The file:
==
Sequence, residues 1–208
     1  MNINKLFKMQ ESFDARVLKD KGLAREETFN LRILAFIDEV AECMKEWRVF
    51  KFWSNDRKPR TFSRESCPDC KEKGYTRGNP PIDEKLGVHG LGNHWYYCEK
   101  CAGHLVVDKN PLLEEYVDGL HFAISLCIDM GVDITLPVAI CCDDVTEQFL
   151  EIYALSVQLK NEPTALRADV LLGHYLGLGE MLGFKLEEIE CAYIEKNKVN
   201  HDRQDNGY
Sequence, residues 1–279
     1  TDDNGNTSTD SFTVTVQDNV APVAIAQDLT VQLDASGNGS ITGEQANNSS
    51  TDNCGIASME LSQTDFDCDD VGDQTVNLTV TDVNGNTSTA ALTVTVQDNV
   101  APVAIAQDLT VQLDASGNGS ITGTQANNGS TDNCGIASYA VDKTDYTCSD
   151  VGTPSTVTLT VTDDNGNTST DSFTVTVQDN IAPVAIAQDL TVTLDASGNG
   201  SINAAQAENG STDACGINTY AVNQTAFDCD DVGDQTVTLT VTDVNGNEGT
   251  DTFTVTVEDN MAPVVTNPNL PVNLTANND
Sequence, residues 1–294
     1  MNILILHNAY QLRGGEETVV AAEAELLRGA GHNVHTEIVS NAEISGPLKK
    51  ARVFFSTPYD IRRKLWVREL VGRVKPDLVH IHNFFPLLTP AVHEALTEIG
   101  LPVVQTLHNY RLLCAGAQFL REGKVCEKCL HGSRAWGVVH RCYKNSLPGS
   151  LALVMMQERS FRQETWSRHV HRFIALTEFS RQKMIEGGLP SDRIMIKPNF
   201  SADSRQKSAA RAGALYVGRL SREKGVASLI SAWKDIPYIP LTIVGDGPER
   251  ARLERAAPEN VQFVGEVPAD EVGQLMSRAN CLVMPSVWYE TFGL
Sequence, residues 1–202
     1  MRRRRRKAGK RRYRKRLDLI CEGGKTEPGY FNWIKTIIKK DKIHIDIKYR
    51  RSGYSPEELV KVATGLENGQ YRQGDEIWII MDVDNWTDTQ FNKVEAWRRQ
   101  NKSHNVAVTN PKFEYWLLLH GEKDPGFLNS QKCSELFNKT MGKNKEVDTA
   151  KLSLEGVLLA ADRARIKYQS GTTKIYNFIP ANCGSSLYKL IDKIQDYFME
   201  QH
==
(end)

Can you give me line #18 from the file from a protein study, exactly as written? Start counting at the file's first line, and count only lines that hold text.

   151  LALVMMQERS FRQETWSRHV HRFIALTEFS RQKMIEGGLP SDRIMIKPNF